Sunday, August 23, 2009

Led by a Nose

Earlier in the summer I took the kids and our dog to North Country Outfitters in Nelson, PA. Jim Oman and I put a couple birds out for the dog. This was to give her some fun and exercise working them. She worked the first bird no problem. I flushed it for her, and it took off for the opposite hill.

Then the second bird was pointed and I duly flushed it, but instead of taking off it fluttered up, then down, and ran. No big deal, and we weren't hunting, so I told the dog to work the bird. It had run about 75 yards, but she didn't know where it had gone. The dog circled twice, then backtracked, lost the scent, and circled. While watching her I half-listened to Oman explaining to the kids what the dog was doing. He told them a dog, especially a hunting dog, 'sees' with it's nose. He said she wasn't using her eyes at all, but instead was busy decoding the information her nose was flooding into her brain. This dog was literally being led by her nose.

While driving today this scene popped into my head for some reason (probably because bird season isn't far away). I can't even imagine the reality of a dog with a sensitive nose, but I see the behavior. Smells fascinate them. Odors are their reality. What would a fine work of art be for a dog? It would certainly be very smelly.

We humans don't have that refined sense of smell. We're visually oriented. Artists even more so. I guess we're like the bird dogs of vision. I've seen this in action during critique sessions. A group of artists sitting around and a painting is put in front of them. Immediately they're all on point. It goes beyond the pleasure of vision; it's almost involuntary.

As an artist I devour images. It doesn't matter if they're photographs or drawings, paintings or etchings, they grab my attention. Most for just a fraction of a second, the better ones for longer, and the best hold my attention for a long, long time.

Does anybody else enjoy browsing in a bookstore just to look at the book covers? Usually I use Amazon to buy books, but Amazon in one sense can't beat walking around a Barnes & Noble or Borders. That sense is vision. The sheer wealth of images surrounding me on every book cover... if I give myself over to the pleasures of looking I don't even care about the book's content. Lately I've been trying to slow down when a cover catches my attention, attempting to analyze exactly what caught me, but it's hard when right-brain is asking for more, more, more - to do the left-brain thing.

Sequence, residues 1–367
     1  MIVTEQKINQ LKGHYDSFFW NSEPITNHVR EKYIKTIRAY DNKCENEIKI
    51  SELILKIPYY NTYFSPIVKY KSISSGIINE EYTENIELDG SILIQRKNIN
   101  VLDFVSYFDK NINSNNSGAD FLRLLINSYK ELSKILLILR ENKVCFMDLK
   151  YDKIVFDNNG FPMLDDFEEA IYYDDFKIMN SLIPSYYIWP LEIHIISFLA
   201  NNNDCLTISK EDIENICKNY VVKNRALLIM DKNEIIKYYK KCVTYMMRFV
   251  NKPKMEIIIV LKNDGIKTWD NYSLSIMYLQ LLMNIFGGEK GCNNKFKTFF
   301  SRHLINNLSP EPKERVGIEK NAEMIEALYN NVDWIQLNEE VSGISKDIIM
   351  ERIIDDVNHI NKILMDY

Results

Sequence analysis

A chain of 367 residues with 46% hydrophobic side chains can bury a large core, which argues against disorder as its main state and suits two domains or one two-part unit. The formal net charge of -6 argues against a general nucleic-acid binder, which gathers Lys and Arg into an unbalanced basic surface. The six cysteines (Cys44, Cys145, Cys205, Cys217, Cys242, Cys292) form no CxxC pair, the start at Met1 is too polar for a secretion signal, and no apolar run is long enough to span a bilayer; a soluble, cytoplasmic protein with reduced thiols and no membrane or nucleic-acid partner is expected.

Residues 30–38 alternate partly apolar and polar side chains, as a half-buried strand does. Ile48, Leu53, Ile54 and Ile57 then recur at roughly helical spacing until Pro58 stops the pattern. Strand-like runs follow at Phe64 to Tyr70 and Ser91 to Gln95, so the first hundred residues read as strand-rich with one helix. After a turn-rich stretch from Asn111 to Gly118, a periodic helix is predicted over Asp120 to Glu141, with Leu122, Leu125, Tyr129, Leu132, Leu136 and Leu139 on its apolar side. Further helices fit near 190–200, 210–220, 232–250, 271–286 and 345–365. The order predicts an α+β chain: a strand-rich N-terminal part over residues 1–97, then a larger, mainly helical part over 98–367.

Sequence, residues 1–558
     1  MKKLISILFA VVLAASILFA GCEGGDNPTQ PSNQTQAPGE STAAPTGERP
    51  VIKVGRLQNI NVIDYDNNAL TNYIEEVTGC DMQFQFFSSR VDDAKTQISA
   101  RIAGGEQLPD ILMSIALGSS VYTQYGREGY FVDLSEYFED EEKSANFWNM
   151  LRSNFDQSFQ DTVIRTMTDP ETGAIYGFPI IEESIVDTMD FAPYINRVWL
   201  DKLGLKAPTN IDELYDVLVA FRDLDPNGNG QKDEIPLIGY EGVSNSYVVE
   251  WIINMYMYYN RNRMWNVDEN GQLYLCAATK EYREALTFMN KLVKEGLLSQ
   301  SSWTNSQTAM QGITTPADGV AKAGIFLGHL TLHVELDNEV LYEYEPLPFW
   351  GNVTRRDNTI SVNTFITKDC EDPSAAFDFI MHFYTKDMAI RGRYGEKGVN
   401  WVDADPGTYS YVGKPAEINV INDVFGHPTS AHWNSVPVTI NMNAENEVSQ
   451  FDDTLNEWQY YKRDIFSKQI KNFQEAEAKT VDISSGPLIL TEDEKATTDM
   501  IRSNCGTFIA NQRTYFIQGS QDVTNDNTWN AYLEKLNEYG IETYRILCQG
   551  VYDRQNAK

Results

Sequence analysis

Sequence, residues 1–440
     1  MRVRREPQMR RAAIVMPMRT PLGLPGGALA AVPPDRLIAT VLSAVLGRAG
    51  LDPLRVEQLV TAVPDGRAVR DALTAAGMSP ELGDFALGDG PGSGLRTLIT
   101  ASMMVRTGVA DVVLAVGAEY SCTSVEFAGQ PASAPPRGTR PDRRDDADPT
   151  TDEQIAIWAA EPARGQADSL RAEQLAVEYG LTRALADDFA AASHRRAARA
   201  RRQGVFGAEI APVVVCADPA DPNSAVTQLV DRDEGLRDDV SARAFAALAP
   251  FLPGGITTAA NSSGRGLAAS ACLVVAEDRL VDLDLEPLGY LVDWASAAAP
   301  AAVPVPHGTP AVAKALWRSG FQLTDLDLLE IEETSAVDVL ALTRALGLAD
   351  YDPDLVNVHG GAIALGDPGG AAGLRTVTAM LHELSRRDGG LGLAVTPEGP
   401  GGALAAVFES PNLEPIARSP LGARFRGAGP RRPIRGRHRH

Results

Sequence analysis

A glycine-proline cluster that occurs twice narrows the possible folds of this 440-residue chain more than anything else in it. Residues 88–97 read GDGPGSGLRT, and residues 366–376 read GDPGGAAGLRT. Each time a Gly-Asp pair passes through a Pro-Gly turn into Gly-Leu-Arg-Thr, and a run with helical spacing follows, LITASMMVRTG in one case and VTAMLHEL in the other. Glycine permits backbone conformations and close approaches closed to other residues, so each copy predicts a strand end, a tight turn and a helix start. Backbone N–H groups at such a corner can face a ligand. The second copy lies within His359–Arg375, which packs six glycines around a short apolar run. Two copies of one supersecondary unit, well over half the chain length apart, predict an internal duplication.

Back to that bird. The dog worked the puzzle out in her head and locked up on point. My God an English Setter on point is beautiful. This time the bird held and I had to kick it into the air. The dog watched it fly out of sight, then turned and looked at me. I could see the realization in her eyes that that was it for the day, the realization and the disappointment. Not unlike the look in my friend Bruce's eyes when he realizes there are no more paintings for critique that day.

Friday, August 14, 2009

Sketch from Wednesday's Model Session

About 45 minutes. The model liked it. For more finished paintings please visit West End Gallery or

Thursday, August 13, 2009

The Sorg Easel: A Review

Nine years ago tomorrow my Jullian easel arrived. I know the date because my daughter arrived the same day. I'd like to say I'm still using that easel, that I love my Jullian and wouldn't trade it for anything. Unfortunately none of that is true. (For the record I DO love my Jillian and wouldn't trade her.)

Down in my basement:
  • Jullian full box easel

  • Jullian half-box easel

  • table top easel

  • Open Box "M" 11x14

  • Easy "L" easel

  • Stanrite steel field easel

  • Gloucester Easel

  • two home made pochades

  • Guerilla Box

  • 6x8 Guerrilla Thumb box

  • Guerilla Cigar Box

  • One Utrecht Portable Sketch Easel

  • Open Box "M" Palm Box

  • Julian Thumb Box

  • Plus a variety of different tripods, including a surveyor's tripod.
Do I own an art supply store? No. Does my wife think I'm totally nuts? Yes.

For many years I was on a quest for the perfect easel; one that worked hard in the studio, was very portable and could stand up to all kinds of abuse in the field. AND it had to have a reasonable footprint. After nine long years I've given up.

Three weeks ago I bought a studio easel: the David Sorg studio easel. I ordered it from his website and paid $790. That price is one reason I wasn't jumping up and down in excitement. It's a chunk of change, and I wanted to decrease odds it would end up in the basement. So before committing myself I called David Sorg to get some questions answered. I called him in the morning EST, and after dialing noticed the address was in Colorado. Oops. He answered the phone on the third ring.

Questions I wanted answered:
  • what quality wood is used? Italian beech imported to China.

  • will it fit in a room with 7.5' ceilings? Yes, but I won't get full use of the easel for larger paintings